The Greek word Jesus used for “mind” is dianoia, which means: Deep though, exercising the mind, to think through. The word the Scribe used for mind is sunesis, which means: A putting together, to figure out, intelligence. The Hebrew equivalent (taken from Jeremiah 31:33 translated in the KJV as “inward parts”) is qereb, which means: to approach or bring near—hence, to consider and think upon.

Therefore, our mind is our intellect—the place where we analyze, figure-out and plan things; the place where knowledge and understanding are analyzed and manipulated to bring about a conclusion or decision.

Loving God “with all our mind” means:

  • That EVERYTHING we put in or allow in our minds is right, true and moral.
  • That we align our conclusions and decisions based upon the commandments of God and the written Word of God in all situations.


With All Your Strength

Loving God “with all your strength” speaks of the “ultimate expression” of our heart, soul and mind being released together through our bodily functions. It is the outward expression of what is going on within ourselves to the outside world through our sight, speech and physical actions.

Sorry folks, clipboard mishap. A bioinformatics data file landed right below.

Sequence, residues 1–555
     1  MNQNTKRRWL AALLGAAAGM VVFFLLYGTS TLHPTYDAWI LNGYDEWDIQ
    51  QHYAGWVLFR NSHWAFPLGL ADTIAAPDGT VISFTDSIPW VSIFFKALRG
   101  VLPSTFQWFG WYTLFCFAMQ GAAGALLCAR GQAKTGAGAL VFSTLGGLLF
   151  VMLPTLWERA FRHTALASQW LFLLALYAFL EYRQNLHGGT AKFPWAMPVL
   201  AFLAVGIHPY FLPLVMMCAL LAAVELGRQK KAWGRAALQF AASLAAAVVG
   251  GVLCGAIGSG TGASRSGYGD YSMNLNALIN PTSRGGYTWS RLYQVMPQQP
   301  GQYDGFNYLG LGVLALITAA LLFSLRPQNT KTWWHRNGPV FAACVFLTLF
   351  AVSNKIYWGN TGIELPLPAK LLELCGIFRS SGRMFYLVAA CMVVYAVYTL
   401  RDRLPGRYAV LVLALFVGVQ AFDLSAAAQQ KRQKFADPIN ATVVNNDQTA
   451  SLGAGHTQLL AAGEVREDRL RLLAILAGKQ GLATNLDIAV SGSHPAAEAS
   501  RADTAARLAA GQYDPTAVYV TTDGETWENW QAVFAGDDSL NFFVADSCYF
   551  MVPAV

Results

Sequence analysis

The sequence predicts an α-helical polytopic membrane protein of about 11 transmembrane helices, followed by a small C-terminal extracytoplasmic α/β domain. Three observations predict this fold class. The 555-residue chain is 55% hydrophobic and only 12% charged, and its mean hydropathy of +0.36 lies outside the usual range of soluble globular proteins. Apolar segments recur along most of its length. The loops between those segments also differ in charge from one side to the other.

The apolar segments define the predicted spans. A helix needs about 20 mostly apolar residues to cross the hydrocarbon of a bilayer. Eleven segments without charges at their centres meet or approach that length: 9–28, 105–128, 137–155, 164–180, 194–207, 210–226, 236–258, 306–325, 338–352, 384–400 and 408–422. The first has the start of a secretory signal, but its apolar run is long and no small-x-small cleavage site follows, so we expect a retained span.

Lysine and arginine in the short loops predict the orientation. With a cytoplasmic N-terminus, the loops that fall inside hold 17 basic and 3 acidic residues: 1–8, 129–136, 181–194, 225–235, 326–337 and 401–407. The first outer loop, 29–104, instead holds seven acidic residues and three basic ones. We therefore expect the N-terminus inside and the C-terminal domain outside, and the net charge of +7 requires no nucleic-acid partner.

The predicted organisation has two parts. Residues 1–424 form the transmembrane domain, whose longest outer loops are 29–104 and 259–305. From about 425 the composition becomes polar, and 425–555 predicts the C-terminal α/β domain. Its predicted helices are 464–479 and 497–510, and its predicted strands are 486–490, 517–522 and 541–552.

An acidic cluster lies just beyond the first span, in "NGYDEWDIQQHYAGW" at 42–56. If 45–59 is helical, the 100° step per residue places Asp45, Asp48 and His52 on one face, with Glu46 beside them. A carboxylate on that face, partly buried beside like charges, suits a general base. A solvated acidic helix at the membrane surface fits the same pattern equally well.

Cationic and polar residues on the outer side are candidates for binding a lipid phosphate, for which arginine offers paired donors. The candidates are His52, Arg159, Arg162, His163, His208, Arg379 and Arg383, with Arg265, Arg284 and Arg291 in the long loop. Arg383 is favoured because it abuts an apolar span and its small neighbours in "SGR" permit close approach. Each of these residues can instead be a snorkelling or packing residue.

The Hebrew word for “strength” is meod, which means: Vehemently (implying whole—with everything you got). Its root meaning is: A poker to rake, move quickly and turn-over hot coals. Basically, it means to reach into a hot situation and turn things around or aligning them to be right.

The equivalent Greek word is ischus, which means: Forcefulness, ability, might. Loving God with all your “strength” is not just having a strong determination to do something. Rather, it is a combined focused forceful excursion of the activities of the heart, mind, soul and will expressed through the physical body toward something or someone until the goal is carried-out or the situation is turned to your favor. In other words, it is the full energy of your heart—what is most important to you, your emotions, will and reasoning ability; coupled with all your knowledge, wisdom, talents and skills specifically focused to carry something out.

We can see a picture forming here: God does not want us to love Him with just “parts” of our being, but rather, will ALL our being—every single moment of every single day. His Great Commandment for us “to love,” is a display of His own eminent love to us in order that we will not be corrupted, nor will we corrupt others.